Will Seippel | April 30, 2024

Restoration may be worth pursuing for certain paper items.

Long before paper existed, people communicated through pictures and symbols. The origins of paper-making date back thousands of years to China, and it has revolutionized how humans communicate. Because of paper, much of our world history has been tangibly recorded and physically passed through generations. However, these documents, often holding sentimental or financial value, can face wear and tear over the years. How can you know when it is worth restoring a fragile paper item versus leaving it as is?

To Restore or Not to Restore

Knowing whether or not to restore your paper can be a pretty simple decision when you answer the question, “What is it worth to you?” Ordinary items are easy to identify and assign a monetary value to, but sentimental pieces can also hold a lot of value.

My advice is this: If it costs more to restore something than it’s worth, you should leave it alone. The older a paper item is, the more it’s expected to have some wear and tear, and important items shouldn’t suffer as much in value for damage. I discuss the value of various items on my website, but you can also discover what certain paper collectibles are worth by reviewing WorthPoint’s Price Guide and other resources.

Paper items with normal wear and tear and no significant damage can still fetch a fair price. In 2021, this Santa Fe Railroad Poster of the Grand Canyon sold for $999 on eBay.
Image Source: WorthPoint

More on Value

I recently came across a lot of Sante Fe railroad posters. The posters had a neat history, as they used to hang in a railroad station. Although they were heavily discolored from the nicotine that people smoked in the station, I knew they could be worth money, so I sent them to a trusted restorer. It costs approximately $200 to restore a poster, and he could remove the yellow in them altogether. In this condition, they are likely to sell for $800–$1,000 each. Not a bad deal, not a bad deal at all. In these cases, it is a simple decision if you come across something and know it will bring in revenue. You have to have some patience, though.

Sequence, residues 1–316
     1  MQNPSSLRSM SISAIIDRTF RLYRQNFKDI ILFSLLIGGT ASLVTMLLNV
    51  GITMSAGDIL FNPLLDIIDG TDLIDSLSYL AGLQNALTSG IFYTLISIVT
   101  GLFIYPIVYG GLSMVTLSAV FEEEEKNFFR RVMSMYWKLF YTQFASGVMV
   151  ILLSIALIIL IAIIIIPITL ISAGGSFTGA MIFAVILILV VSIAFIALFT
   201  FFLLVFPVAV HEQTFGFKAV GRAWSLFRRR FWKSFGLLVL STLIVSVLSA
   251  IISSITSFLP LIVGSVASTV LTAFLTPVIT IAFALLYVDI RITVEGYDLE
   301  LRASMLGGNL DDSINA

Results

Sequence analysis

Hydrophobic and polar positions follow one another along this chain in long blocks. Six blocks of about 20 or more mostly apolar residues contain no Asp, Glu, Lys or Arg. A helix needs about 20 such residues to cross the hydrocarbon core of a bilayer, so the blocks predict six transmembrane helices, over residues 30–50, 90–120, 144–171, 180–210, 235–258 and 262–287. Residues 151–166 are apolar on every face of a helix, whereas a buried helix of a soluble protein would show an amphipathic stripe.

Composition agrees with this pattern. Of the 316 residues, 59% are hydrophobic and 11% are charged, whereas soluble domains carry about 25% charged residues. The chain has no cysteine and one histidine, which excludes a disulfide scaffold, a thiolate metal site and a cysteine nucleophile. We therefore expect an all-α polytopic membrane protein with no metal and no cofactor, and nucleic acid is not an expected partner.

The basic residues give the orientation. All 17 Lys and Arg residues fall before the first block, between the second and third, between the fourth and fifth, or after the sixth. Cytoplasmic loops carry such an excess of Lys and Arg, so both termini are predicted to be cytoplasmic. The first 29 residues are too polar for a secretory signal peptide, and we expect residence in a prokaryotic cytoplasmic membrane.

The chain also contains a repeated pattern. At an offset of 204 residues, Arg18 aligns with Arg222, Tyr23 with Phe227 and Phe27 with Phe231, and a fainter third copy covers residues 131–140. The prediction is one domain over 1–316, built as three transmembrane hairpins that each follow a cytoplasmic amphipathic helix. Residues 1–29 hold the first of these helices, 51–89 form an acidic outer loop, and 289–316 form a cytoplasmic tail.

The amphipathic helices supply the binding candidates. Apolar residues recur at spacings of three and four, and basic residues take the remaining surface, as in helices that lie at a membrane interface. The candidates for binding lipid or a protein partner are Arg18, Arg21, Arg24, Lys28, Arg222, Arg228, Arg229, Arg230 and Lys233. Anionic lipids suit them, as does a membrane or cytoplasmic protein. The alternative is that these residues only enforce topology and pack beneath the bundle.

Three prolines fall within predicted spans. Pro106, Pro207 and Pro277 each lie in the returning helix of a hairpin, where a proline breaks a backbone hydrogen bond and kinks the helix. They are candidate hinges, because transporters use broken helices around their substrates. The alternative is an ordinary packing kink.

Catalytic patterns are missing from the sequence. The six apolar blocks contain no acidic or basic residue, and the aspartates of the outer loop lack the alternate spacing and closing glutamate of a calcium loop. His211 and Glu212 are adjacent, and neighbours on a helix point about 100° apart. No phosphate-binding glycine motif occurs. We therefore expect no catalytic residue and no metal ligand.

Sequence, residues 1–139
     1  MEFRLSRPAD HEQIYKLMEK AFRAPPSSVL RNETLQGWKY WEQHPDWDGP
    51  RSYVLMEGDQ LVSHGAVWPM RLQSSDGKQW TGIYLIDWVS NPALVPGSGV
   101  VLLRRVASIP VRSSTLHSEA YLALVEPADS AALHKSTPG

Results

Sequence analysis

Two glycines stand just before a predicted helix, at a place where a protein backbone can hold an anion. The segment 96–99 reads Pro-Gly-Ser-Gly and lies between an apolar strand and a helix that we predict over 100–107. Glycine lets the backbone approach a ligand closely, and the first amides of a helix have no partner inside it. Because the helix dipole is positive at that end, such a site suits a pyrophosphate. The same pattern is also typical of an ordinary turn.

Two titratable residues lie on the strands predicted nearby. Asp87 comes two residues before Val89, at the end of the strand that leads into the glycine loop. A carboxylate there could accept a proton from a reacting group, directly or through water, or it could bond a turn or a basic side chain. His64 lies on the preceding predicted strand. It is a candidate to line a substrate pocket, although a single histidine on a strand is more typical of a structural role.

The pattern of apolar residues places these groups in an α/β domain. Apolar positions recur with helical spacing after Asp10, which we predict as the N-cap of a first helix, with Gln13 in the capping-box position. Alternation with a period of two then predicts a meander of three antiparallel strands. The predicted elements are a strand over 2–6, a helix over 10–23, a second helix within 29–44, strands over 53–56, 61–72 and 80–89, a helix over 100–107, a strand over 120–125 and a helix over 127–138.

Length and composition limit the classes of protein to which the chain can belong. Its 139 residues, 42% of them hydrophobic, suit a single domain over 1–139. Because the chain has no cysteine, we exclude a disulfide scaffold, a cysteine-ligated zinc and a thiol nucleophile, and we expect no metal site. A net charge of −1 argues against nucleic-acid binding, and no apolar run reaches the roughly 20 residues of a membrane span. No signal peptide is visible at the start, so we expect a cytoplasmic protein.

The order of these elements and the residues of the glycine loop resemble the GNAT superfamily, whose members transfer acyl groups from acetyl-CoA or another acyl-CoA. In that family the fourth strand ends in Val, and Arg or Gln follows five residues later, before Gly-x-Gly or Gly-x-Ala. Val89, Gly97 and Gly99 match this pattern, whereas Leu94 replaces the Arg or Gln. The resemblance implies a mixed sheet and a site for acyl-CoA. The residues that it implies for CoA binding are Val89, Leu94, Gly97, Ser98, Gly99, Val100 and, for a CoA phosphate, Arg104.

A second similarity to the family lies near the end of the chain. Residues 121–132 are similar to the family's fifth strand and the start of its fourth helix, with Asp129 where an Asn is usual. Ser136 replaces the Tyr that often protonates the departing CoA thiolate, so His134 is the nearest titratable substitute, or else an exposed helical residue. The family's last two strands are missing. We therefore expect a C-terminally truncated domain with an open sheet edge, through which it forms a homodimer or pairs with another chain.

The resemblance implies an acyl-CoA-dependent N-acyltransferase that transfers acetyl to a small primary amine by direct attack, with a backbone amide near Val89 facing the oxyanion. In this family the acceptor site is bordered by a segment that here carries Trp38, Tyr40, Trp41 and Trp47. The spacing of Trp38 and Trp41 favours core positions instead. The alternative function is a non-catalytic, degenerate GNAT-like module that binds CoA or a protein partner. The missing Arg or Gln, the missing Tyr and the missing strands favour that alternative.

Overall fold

On the other hand, some items don’t require much patience at all. Smaller-scale items, like letters and photographs, generally don’t suffer as much physical damage because they’re stored throughout the years. However, they can still experience cracking, flaking, water damage, and UV damage. Researching their worth can be more tedious, but it’s all about how you’re interested in spending your resources.

restored paper poster victor records 1917
This World War I-era poster required minor restoration but was still sold for $456 in 2018.
Image Source: WorthPoint

Putting Yourself in Good Hands

Looking for a quality restorer might be the most challenging part of buying, restoring, and selling paper. It pays to have friends in the business, as I usually use word of mouth from colleagues and friends I’ve made over the years. In this business, when you help someone, they’re generally willing to point you in the right direction, too.

If you’re new to the company or unsure where to start, you should check out their reviews online. Before sending your items away, ensure they’ll be in good hands. You can’t believe everything you read on the internet, but if someone genuinely takes time to leave a review, it is because they were impressed, received a discount, or were left steaming and disappointed.

Happy Hunting!

Paper can become faded, stained, or torn over time. The right way to restore the paper depends on the product and the type of damage Whether you are looking to restore something of sentimental value or fix up an item in hopes of making a profit, pursuing that pathway can be worth it. However, if your paper is past the point of no return, check out this WorthPoint article to see what you should do. As always, happy hunting! 

Will Seippel is the CEO and founder of WorthPoint, the world’s largest provider of information about art, antiques, and collectibles. An Inc. 500 Company, WorthPoint is used by individuals and organizations seeking credible valuations on everything from cameras to coins. WorthPoint counts the Salvation Army, Habitat for Humanity, and the IRS among its clients.